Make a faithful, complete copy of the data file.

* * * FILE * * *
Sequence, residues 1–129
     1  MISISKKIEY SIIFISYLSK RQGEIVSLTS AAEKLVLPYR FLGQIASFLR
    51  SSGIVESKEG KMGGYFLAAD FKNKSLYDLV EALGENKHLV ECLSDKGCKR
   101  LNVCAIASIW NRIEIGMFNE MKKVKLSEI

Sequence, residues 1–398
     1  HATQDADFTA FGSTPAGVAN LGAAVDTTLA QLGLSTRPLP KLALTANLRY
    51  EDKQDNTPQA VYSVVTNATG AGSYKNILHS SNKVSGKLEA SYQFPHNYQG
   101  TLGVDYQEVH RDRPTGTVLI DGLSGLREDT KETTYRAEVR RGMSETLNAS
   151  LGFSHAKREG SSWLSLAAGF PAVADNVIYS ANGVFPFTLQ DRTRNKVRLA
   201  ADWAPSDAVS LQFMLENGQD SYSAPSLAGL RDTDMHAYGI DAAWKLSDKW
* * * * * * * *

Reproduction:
Sequence, residues 1–129
     1  MISISKKIEY SIIFISYLSK RQGEIVSLTS AAEKLVLPYR FLGQIASFLR
    51  SSGIVESKEG KMGGYFLAAD FKNKSLYDLV EALGENKHLV ECLSDKGCKR
   101  LNVCAIASIW NRIEIGMFNE MKKVKLSEI

Sequence, residues 1–398
     1  HATQDADFTA FGSTPAGVAN LGAAVDTTLA QLGLSTRPLP KLALTANLRY
    51  EDKQDNTPQA VYSVVTNATG AGSYKNILHS SNKVSGKLEA SYQFPHNYQG
   101  TLGVDYQEVH RDRPTGTVLI DGLSGLREDT KETTYRAEVR RGMSETLNAS
   151  LGFSHAKREG SSWLSLAAGF PAVADNVIYS ANGVFPFTLQ DRTRNKVRLA
   201  ADWAPSDAVS LQFMLENGQD SYSAPSLAGL RDTDMHAYGI DAAWKLSDKW